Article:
One symptom of the condition is declining stomach acid production. Atrophic gastritis has been linked with H. pylori infection. Researchers were able to show that in many cases, it could be reversed by eliminating the infection. This does not happen overnight but takes decades to develop. It is therefore worth getting tested for H. pylori if you feel that something is not right with your stomach.
Acid-blocking medication is another common culprit when it comes to low stomach acid levels and resulting malabsorption. These kinds of drugs are prescribed when patients complain of acid reflux or heartburn, which are commonly considered symptoms of too much stomach acid. Ironically, too little acid can cause the same symptoms and is much more common.
Acid-blocking medication makes the problem worse. Having said that, it is crucial that you do not just stop taking the drug, if you are already on them (or any other medication for that matter). You must speak to your doctor about it.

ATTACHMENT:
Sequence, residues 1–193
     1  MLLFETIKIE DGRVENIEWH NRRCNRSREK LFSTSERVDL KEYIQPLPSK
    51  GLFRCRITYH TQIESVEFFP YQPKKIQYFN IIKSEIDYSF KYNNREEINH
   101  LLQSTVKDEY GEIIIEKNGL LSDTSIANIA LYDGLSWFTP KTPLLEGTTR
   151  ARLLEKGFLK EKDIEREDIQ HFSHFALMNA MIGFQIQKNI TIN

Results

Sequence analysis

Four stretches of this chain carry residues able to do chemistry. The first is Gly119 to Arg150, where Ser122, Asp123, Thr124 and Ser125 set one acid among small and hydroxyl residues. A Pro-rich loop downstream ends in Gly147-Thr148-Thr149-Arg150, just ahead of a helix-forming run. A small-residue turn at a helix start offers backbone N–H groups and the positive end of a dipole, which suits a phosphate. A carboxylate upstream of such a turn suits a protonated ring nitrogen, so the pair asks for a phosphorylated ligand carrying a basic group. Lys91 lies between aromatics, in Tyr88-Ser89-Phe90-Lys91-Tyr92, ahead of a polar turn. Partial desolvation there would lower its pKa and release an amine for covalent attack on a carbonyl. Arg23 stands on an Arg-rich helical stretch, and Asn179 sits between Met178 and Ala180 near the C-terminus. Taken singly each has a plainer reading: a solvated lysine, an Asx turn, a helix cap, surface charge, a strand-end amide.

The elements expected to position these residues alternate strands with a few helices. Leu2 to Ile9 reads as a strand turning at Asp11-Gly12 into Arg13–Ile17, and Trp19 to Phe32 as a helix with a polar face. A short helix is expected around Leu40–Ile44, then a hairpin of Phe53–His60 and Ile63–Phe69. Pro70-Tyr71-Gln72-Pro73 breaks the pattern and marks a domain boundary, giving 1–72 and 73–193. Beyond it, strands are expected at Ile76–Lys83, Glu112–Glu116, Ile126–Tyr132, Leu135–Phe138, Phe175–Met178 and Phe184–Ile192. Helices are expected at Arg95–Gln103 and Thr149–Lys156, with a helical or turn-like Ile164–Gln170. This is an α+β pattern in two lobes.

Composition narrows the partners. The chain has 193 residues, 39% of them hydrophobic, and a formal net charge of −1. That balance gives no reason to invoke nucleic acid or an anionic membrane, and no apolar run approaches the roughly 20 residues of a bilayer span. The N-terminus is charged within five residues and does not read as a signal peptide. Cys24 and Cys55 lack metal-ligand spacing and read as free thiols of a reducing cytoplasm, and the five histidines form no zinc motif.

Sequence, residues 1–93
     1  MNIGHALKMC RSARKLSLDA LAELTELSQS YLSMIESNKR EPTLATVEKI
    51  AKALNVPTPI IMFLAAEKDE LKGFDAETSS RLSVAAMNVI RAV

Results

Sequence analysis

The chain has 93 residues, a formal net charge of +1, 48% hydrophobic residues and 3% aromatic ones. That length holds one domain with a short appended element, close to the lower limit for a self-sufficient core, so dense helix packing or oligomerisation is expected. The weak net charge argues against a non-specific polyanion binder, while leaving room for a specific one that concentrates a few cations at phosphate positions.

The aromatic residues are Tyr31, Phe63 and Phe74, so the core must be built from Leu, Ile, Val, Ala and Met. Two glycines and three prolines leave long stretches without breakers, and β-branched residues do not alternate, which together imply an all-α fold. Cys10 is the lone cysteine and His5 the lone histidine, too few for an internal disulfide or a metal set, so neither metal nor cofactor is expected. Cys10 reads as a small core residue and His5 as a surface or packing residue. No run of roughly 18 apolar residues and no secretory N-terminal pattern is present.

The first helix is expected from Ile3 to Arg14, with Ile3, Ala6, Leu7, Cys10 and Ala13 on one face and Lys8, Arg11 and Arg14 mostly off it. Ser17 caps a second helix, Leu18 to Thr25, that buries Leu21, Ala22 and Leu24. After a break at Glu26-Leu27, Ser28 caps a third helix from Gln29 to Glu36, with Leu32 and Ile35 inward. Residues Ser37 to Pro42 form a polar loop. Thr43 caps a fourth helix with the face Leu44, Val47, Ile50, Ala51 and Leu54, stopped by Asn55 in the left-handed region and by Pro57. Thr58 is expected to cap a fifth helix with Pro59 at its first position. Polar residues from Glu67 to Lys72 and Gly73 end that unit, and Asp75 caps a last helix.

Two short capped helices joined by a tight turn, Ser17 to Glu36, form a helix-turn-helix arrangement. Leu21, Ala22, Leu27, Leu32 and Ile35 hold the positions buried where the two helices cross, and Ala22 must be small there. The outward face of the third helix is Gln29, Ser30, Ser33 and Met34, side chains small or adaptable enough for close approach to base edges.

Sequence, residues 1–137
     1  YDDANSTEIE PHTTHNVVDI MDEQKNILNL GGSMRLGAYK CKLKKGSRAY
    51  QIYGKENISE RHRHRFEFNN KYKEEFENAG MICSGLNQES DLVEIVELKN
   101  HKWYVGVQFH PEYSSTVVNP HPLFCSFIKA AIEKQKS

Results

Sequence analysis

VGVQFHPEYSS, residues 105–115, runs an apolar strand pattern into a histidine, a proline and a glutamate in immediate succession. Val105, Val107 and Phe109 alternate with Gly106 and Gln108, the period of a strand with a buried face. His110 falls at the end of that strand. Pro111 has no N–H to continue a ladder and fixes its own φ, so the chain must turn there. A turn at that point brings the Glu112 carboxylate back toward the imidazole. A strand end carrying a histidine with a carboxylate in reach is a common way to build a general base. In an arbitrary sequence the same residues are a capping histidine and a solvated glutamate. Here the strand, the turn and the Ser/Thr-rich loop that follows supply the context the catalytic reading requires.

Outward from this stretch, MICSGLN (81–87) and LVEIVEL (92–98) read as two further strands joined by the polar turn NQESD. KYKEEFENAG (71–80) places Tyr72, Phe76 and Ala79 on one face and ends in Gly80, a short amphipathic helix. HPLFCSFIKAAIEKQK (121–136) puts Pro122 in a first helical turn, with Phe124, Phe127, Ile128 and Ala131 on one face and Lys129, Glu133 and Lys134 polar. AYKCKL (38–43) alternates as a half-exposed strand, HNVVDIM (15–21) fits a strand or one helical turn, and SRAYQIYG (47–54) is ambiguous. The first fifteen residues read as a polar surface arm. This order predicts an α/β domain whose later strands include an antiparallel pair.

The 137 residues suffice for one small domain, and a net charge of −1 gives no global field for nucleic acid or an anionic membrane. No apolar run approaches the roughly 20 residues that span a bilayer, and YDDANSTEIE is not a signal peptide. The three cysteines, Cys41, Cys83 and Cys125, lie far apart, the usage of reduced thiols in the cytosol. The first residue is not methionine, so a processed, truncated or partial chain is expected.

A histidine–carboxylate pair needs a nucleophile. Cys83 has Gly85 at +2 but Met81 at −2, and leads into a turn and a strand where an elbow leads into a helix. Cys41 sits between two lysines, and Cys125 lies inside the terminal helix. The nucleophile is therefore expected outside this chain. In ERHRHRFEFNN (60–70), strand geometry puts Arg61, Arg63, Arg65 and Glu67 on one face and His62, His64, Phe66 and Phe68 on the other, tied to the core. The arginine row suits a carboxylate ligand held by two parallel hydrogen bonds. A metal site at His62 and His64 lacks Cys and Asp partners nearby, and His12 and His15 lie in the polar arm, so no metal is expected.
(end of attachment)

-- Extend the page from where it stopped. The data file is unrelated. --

Low stomach acid levels do not just affect what goes on in the stomach, but also what happens further down in the digestive tract. It makes the upper intestine slightly acidic, too. If that is not happening, sometimes the wrong bacteria can settle there. Those bugs can then absorb the nutrients meant for you – thus depriving you of them. They will thrive of your food and proliferate. This is called ‘small intestinal bacterial overgrowth’, a condition that can promote malabsorption, too.
So what can you do? Here are my top tips for a healthy old age
7 ways to age better – starting today!
1. Eat real food. Ready meals and fast food just don’t cut it. You need all the nutrients you can get, especially if your appetite is not what it used to be, and your servings are small. Buy ingredients rather than meals and your body will thank you for it. A slow cooker is an inexpensive gadget that makes cooking a doddle, even if you think you can’t cook. It turns even the more affordable, tougher cuts of meat into melt-in-the-mouth stews. Batch cook and freeze a couple of portions. That way, you can stock your freezer with home-made ready meals.